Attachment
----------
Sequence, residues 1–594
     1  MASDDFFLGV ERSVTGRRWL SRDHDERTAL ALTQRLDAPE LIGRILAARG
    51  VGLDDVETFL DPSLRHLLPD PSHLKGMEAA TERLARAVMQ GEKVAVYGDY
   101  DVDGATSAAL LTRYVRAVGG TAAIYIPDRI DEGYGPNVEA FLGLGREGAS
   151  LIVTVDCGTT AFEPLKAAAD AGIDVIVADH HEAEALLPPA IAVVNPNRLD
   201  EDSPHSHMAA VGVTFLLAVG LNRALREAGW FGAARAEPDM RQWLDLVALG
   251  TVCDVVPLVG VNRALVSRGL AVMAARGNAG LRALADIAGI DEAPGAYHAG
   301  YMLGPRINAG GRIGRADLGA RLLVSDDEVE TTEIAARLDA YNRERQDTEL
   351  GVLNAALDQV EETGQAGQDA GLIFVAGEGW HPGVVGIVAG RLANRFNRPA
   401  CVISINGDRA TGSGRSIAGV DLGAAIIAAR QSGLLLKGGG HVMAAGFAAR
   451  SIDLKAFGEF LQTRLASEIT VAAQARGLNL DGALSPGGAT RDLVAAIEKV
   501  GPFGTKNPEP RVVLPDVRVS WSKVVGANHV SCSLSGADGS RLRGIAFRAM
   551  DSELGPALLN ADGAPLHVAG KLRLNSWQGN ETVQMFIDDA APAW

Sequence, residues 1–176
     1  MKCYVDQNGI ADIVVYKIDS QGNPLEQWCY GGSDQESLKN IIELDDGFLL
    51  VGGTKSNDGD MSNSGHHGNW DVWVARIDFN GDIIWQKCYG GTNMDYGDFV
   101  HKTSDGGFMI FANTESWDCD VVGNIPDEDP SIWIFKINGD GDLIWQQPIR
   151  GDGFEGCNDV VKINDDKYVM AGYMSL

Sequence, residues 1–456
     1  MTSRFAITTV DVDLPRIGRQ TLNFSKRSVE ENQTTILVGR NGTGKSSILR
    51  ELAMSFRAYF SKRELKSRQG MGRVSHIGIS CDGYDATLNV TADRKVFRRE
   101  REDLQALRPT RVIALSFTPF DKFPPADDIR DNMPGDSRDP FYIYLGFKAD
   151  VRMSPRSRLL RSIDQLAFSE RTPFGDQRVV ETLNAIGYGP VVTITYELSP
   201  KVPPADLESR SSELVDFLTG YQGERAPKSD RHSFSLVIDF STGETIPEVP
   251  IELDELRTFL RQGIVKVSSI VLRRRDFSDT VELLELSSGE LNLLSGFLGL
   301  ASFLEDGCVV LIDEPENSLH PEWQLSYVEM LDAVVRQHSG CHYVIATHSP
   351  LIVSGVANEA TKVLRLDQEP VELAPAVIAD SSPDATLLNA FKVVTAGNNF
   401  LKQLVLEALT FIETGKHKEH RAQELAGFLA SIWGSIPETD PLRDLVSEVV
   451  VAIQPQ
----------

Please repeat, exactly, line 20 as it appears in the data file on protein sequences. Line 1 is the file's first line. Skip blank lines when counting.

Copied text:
     1  MTSRFAITTV DVDLPRIGRQ TLNFSKRSVE ENQTTILVGR NGTGKSSILR